A Mother’s Dream

I dreamt last night about my son who died when he was six and worn out from fighting Leukemia fifteen years ago. In the dream, he was healthy, and someone else was looking after him upstairs while I was busy downstairs in a house. I came up to find him in a white, claw foot bathtub full of water. He seemed to be sleeping peacefully at the bottom. After a moment, I realized that he must be dead, unable to breathe under water. I pulled him up and held him, his legs around my hips, my arms around his back. I looked into his beautiful face, his eyes closed. I screamed and keened in the realization that he’d died.

After a few minutes, presumably from all the noise of his momma’s wailing, his eyes fluttered open. Seeing that he might be able to come back to life, I shouted for him to wake up, to come back. Slowly, in little bits of waking, moving his head from side to side, opening and closing his eyes, and finally smiling that unforgettable, mischievous smile, he did. He was alive. I hugged him and felt the indescribable joy of having him returned to me. I even felt proud that I’d raised a boy so healthy that he could survive ten minutes without oxygen.

Later in the dream there was some talk in the family about how I shouldn’t have left him alone with a sitter. “Where was his mother?” was the gist of it, blaming me for his almost death.

This morning, when I told my fiancé my dream, I was surprised by the tears that slid down my cheeks when I got to the part about Chan being alive. I was surprised by the strength of the grief that overtook me as I wept harder, allowing myself to hold the thought of him in my arms, to hold the thought that he might have lived.

If only fifteen years ago my keening could have awakened him when I walked out of our cabin into the sunrise, his body stiff in my arms.

Nowadays I think I’m “over it,” healed. Mostly I am, but his birthday is in a few days. June has always been hard. This year it’s been better. This year I’ve made it this far into the month with no more than some low-level anxiety, which I didn’t recognize until today as unacknowledged grief.

But this dream tells me to remember, tells me to give myself the time and space to feel this loss. Because sometimes I still miss my little boy.

Now You See the Sky, Gracie Belle, Akashic Books, 2019


These days, fourteen years later, I always think I’m done. I think I don’t miss him anymore. And usually, I don’t. It’s over. That life was so long ago.

Then it’s December, a few days after his brother’s birthday, a few days before Christmas. I don’t know what’s hitting me at first. At first I’m just mad at my lover. I’m distant he says. He doesn’t understand what he’s done. I don’t either, so I make things up. I knew this was too good to be true. I’ll always be alone. But after a while of this attempt to make him the reason I feel so bad, I remember. Oh yes. The date. This damn date. December 21st. And the memories push in. The middle of the night moments when my boy took his last breaths.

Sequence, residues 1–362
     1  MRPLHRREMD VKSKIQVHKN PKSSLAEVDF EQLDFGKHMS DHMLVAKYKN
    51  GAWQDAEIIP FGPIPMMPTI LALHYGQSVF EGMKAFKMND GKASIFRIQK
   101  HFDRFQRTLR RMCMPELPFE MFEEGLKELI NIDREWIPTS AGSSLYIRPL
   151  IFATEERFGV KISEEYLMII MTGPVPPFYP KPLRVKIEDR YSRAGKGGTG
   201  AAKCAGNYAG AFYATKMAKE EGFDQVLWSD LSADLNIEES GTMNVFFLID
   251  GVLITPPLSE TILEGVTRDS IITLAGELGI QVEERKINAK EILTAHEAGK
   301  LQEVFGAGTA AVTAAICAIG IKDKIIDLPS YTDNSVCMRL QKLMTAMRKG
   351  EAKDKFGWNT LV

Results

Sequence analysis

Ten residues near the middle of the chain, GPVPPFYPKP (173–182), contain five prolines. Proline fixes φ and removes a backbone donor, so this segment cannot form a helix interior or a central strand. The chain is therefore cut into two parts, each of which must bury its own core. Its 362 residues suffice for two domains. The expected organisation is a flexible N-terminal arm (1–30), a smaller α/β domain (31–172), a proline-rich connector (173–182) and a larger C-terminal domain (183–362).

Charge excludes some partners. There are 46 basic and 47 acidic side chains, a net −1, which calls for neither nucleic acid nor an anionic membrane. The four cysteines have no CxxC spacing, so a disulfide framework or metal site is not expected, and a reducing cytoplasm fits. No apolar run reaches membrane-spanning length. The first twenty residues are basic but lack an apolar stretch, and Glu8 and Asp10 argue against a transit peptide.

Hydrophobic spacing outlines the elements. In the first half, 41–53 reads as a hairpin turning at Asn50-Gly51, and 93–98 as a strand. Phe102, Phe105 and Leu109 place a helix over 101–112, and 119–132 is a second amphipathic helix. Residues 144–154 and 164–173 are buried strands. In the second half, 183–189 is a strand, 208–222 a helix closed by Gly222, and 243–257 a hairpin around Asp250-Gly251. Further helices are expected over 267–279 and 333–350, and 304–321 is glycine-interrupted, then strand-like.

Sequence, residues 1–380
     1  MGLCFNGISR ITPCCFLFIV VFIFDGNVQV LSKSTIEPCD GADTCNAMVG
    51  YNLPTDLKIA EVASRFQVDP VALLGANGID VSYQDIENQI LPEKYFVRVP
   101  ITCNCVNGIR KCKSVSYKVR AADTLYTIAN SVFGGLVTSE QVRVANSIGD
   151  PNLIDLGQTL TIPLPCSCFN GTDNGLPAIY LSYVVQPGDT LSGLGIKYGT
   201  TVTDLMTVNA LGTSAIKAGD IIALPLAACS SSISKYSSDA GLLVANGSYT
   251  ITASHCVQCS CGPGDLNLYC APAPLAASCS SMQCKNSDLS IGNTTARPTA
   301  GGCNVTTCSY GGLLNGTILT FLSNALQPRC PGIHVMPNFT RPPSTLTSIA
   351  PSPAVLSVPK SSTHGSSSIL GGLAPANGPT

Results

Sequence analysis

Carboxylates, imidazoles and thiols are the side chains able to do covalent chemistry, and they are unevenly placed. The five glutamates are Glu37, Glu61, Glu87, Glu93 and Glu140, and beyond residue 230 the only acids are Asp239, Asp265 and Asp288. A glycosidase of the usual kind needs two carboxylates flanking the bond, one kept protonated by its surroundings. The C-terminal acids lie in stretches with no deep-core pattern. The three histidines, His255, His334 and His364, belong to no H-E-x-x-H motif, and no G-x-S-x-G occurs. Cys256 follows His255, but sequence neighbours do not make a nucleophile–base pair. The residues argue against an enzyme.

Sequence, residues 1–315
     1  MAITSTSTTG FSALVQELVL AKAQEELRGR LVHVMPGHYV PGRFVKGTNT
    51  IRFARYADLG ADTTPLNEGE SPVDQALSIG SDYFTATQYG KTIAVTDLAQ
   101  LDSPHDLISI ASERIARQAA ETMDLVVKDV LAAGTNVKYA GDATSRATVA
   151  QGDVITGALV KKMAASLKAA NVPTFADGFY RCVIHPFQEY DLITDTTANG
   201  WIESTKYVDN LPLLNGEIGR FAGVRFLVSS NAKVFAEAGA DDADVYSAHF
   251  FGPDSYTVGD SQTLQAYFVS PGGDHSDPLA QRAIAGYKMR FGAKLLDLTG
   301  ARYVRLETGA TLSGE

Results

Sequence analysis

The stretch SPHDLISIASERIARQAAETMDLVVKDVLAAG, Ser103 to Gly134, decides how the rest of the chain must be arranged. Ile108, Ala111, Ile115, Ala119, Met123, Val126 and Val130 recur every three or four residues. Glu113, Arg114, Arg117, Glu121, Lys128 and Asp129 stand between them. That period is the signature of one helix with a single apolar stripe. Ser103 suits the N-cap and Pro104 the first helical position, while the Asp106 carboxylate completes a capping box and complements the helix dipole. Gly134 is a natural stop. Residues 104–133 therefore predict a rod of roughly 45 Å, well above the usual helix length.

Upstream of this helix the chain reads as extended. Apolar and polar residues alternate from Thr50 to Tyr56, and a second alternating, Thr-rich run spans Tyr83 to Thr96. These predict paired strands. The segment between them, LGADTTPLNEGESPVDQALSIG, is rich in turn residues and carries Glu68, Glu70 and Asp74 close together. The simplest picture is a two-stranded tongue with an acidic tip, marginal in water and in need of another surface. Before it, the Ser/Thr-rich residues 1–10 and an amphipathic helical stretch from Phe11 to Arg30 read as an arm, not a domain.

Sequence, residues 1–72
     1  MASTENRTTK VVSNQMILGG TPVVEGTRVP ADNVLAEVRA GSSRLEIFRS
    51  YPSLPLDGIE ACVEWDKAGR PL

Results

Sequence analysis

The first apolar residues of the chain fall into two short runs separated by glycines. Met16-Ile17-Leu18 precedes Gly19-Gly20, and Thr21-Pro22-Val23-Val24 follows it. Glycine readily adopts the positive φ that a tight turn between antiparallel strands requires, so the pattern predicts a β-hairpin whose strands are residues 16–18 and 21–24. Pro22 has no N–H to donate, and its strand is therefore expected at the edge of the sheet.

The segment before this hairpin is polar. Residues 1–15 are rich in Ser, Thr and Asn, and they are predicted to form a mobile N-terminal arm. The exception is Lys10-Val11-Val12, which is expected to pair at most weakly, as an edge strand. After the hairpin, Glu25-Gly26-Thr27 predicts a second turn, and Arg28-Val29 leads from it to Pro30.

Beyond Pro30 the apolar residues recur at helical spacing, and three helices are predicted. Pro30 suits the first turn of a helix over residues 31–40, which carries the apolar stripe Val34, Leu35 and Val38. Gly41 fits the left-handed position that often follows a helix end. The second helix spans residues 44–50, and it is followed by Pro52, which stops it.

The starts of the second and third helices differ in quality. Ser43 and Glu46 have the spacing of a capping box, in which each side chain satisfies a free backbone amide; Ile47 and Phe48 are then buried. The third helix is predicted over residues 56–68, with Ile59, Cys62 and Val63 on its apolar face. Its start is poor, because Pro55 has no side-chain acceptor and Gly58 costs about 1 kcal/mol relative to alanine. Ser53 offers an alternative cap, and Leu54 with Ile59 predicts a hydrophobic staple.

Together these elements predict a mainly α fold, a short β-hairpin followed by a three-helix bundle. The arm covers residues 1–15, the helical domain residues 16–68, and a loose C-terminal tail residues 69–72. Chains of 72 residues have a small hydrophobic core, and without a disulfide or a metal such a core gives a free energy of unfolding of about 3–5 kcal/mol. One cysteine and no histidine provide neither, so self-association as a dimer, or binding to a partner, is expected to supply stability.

And I tell my lover now, and the tears that I’ve been holding in with my emotionless distance slide down as I realize the remembering. The indelible pictures of my boy’s last night with us muscle their way forward. The creak of the rough floorboards as I came and went from his side. The rustle of the sleeping bag I pulled over his failing body before I left for a sip of the dark night sky, a glimpse of the moon. The feel of his hair, silky under my palm as I held his head, warm under my hand for what I didn’t know would be the last time. The rattling of his shell drying out, dying out. The glow of the candle above the bed. The hands of the clock almost at the half hour past one a.m. when he took his last breath. The way we rocked him between us in our arms, our empty arms.

And the pain is so much now that I come and go from cold and distant to hot and sad and remembering. I say I need to be alone, but I don’t leave. And my patient beloved asks me to tell him the story, and I don’t want to. But I do. But only a little. Little pieces. I’m so tired of all of it.

This cat and mouse. This playing with the pain. This trying to hide from it. This opening little windows to it. This has been my life since then. For fourteen years. Only now there’s more space between the openings. There’s more room for other things than the pain. A lot more room. But still it comes. This day of the year it comes. And I remember.

Catharine H. Murray, Author of Now You See the Sky

Seattle, December 5, 2018

Coming Back

I find the Uber before midnight in the too-bright layers of cement and air parking garage.
I am plane-squeezed empty, underslept, zapped in from other coast.
Driver slides us down the highway current.
City approaches. We enter in.

Nearly fourteen years since I’ve been here
where my son was sick before he died,
Where his younger brother, healthy, was born.

It was so long ago that I am not who I was then,
but when the driver carries me up and down these dark streets, light-punched awake,
Bits of that life swim up to greet me:
That small store where their father didn’t speak
while we searched for snacks for cranky boys one sunny afternoon.
The corner at the end of 15th where I walked the stroller
when I needed to get that far from home.
24th where I remember the exact words that took the tension from a certain conversation.

Are memories when they surface still memories or something real?

And that strange ache of how hard it all was and how much we loved each other
the tired now.

Screenshot 2018-12-05 09.58.59